Poor sugar. It’s the most unpopular popular ingredient in the world. While almost all people love and crave it — including 87% of the ever-important Millennials and Gen Zers —, a 2018 Ipsos study found 70% of Americans are concerned about their sugar intake; a FoodInsight investigation found that 77% of American adults are actively trying to curb their sugar; and Mintel learned 60% of parents with kids under 18 are doing the same.
Considering 68% of packaged foods, including sauces and meats, have added sugar, and coupled with ongoing trends toward organic and all-natural products, consumers’ love/hate relationship with sugar puts some serious constraints on the consumer packaged goods industry.
Here we explore some of the latest trends, techniques, and innovations that are spicing up the “sugar” market and show how constraints can push progress.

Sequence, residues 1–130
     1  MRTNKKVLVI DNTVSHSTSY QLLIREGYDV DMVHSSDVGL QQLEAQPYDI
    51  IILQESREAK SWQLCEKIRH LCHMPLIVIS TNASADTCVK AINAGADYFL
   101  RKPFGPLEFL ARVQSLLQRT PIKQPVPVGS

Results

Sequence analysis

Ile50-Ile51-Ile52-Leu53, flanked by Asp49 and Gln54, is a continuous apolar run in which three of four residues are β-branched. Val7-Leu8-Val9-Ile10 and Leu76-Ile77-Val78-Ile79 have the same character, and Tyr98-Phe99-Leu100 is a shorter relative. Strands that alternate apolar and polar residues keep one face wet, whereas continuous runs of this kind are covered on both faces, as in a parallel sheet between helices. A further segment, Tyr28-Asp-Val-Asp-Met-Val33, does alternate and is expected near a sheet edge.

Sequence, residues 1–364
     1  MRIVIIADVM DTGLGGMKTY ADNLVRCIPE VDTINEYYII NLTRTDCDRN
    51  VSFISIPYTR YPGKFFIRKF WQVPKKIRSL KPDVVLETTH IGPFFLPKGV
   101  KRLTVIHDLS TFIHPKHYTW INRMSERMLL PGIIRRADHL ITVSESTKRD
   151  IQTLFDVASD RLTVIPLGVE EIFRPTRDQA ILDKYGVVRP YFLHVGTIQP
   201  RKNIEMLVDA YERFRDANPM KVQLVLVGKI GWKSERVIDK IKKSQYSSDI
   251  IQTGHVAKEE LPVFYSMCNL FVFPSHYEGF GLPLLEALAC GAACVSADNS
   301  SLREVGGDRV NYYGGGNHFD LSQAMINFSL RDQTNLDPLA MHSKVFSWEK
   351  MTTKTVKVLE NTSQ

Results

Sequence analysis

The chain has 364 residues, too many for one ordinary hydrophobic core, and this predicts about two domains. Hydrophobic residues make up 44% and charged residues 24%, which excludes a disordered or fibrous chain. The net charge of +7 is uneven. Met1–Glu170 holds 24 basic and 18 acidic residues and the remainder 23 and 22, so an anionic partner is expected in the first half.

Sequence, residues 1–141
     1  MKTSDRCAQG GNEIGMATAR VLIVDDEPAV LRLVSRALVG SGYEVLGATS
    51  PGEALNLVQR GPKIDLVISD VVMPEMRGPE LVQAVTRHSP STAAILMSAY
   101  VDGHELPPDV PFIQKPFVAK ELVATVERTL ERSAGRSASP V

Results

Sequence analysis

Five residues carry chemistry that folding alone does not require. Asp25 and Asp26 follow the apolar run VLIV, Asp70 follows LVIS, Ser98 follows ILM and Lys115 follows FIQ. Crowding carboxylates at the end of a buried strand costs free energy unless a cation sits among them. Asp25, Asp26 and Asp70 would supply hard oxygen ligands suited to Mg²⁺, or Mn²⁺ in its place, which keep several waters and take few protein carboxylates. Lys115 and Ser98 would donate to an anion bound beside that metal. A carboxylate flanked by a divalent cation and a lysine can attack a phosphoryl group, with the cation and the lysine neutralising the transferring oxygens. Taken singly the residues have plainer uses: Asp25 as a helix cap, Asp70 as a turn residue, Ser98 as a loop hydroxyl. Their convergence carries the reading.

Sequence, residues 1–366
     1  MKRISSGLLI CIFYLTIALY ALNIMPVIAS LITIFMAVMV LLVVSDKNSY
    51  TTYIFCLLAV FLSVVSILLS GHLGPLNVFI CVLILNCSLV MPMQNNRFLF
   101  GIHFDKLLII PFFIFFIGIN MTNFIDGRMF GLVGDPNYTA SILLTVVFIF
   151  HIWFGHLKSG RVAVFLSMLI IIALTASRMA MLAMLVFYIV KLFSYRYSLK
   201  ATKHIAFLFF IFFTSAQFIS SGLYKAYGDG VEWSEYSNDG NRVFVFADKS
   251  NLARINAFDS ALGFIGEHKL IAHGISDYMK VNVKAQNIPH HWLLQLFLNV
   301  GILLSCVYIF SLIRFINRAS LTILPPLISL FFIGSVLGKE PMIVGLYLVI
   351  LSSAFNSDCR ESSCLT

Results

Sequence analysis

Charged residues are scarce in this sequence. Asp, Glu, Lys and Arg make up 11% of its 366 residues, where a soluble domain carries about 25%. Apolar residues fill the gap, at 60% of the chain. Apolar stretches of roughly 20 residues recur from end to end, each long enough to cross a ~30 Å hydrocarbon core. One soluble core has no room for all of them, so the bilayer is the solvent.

Origin of the Sugar Substitute Species:
Constraints are what started the whole sugar substitute industry in the first place. The original sugar substitute, saccharin, hit the market in 1894, but sales didn’t pick up until World War I’s sugar rations forced consumers and manufacturers to find new routes to their sweet spot. This saccharin boom in turn inspired a new wave in synthetic sugars, particularly after World War II’s stricter rations and the rise of mass dieting during the 1950s pushed the market even further away from sugarcane.
As with man-made fibers, most of these sugar substitutes were chemically constructed, including Cyclamate (invented: 1937), Aspartame (1965), and Acesulfame potassium (1967), among others. Consumers gladly ate up these faux sugar for years, but subsequent research into potential health hazards — and in Cylcamate’s case, a 1969 ban — shrunk that market, and continues to do so: Nielsen found that 54% of Americans today avoid artificial sugars. But this constraint just inspires FAROUT thinking.
From the Ground Up: